House of Representatives. Dec. 3.

THE Secretary of the Senate announced, that the Members of the Senate were ready to admit the Members of the House of Representatives in the Senate Chamber, in order to receive the President’s communication.


Since the commencement of the term for which I have been again called into office, no fit occasion has arisen for expressing to me fellow citizens at large, the deep and respectful sense which I feel of the renewed testimony of public approbation. While on the one hand it awakened my gratitude for all those instances of affectionate partiality with which I have been honoured by my country; on the other, it could not prevent an earnest wish for that retirement, from which no private consideration should ever have torn me. But influenced by the belief, that my conduct would be estimated according to its real motives; and that the people, and the authorities derived from them, would support exertions having nothing personal for their object, I have obeyed the suffrage which commanded me to resume the executive power; and I humbly implore that Being, on whose will the fate of nations depends, to crown with success our mutual endeavors for the general happiness.

As soon as the war in Europe had embraced those powers with whom the United States have the most extensive relations there was reason to apprehend that our intercourse with them might be interrupted, and our disposition for peace drawn into question, by the suspicions too often entertained by belligerent nations. It seemed therefore to be my duty to admonish our citizens of the consequences of a contraband trade, and of hostile acts to any of the parties; and to obtain by a declaration of the existing legal state of things, an easier admission of our right to the immunities belonging to our situation. Under these impressions, the proclamation, which will be laid before you, was issued.

In this posture of affairs, both new and delicate, I resolved to adopt general rules which should conform to the treaties and assert the privileges of the United States. These were reduced into a system which will be communicated to you. Although I have not thought myself at liberty to forbid the sale of the prizes, permitted by our treaty of commerce with France, to be brought into our ports; I have not refused to cause them to be restored, when they were taken within the protection of our territory, or by vessels commissioned, or equipped in a warlike form within the limits of the United States.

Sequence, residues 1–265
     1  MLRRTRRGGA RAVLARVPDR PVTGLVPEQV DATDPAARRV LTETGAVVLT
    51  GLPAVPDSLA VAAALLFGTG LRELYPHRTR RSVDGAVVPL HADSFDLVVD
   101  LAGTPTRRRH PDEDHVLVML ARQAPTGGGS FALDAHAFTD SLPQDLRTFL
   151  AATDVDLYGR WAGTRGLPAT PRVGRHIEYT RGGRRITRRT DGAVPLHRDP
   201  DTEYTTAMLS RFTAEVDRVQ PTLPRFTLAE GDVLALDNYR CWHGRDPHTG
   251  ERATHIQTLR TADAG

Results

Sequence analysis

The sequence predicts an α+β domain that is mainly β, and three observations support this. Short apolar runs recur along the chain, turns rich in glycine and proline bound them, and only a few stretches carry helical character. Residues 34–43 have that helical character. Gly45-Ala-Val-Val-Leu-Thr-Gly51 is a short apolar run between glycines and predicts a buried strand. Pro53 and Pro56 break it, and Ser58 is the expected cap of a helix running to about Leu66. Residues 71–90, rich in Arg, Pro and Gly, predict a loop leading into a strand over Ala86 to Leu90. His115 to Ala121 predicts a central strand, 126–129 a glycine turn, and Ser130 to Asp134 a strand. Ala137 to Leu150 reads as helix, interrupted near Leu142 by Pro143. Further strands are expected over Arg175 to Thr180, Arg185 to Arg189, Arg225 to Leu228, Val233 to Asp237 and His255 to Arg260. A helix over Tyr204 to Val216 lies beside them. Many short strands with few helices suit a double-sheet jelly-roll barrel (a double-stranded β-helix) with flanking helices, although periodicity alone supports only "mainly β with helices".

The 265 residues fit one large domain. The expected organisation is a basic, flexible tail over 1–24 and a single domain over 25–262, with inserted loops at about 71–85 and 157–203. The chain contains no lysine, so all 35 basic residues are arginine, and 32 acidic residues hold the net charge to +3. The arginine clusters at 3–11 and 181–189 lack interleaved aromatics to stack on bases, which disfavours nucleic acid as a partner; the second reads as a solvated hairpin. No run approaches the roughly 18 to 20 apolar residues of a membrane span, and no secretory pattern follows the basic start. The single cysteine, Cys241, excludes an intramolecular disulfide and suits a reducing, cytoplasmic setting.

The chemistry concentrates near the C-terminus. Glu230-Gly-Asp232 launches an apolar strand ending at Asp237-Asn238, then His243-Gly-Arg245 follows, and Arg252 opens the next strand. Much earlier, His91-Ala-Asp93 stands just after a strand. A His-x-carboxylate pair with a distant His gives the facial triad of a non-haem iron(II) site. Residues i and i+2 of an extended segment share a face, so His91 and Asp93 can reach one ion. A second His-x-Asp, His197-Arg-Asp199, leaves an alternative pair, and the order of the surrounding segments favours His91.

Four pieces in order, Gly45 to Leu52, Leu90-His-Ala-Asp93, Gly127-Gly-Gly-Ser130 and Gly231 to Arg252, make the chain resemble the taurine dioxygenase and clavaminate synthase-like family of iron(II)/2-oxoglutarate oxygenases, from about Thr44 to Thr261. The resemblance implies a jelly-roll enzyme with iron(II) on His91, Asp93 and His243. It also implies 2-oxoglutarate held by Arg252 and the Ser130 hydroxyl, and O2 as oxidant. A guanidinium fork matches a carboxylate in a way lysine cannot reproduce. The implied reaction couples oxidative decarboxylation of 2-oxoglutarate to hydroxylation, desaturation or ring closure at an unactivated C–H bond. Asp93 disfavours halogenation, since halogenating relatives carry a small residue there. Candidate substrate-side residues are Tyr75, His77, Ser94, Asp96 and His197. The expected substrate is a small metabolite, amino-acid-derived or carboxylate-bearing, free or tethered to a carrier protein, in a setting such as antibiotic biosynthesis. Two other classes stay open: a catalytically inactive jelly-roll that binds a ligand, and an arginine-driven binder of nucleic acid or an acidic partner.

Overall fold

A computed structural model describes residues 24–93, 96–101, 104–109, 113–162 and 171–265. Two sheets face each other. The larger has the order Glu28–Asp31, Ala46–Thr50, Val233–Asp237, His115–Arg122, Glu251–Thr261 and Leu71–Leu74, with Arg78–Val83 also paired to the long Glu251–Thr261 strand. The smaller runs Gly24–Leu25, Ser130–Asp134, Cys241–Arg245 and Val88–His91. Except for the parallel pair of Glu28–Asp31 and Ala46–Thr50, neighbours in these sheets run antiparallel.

It rests with the wisdom of Congress to correct, improve, or enforce this plan of procedure; and it will probably be found expedient to extend the legal code, and the jurisdiction of the Courts of the United States to many cases which, though dependent on principles already recognized, demand some further provisions.

Where individuals shall, within the United States, array themselves in hostility against any of the powers at war, or enter upon military expeditions or enterprizes within the jurisdiction of the United States; or where the penalties on violations of the law of nations may have been indistinctly marked, or are inadequate; those offenses cannot receive too early and close an attention, and require prompt and decisive remedies.

Whatsoever those remedies may be, they will be well administered by the judiciary, who possess a long-established course of investigation, effectual process, and officers in the habit of executing it.

In like manner, as several of the courts have doubted, under particular circumstances, their power to liberate the vessels of a nation at peace, and even of a citizen of the United States, although seized under a false colour of being hostile property; and have denied their power to liberate certain captures within the protection of our territory; it would seem proper to regulate their jurisdiction in these points. But if the executive is to be the resort in either of the two last mentioned cases it is hoped that he will be authorized by law to have facts ascertained by the courts, when, for his own information, he shall request it.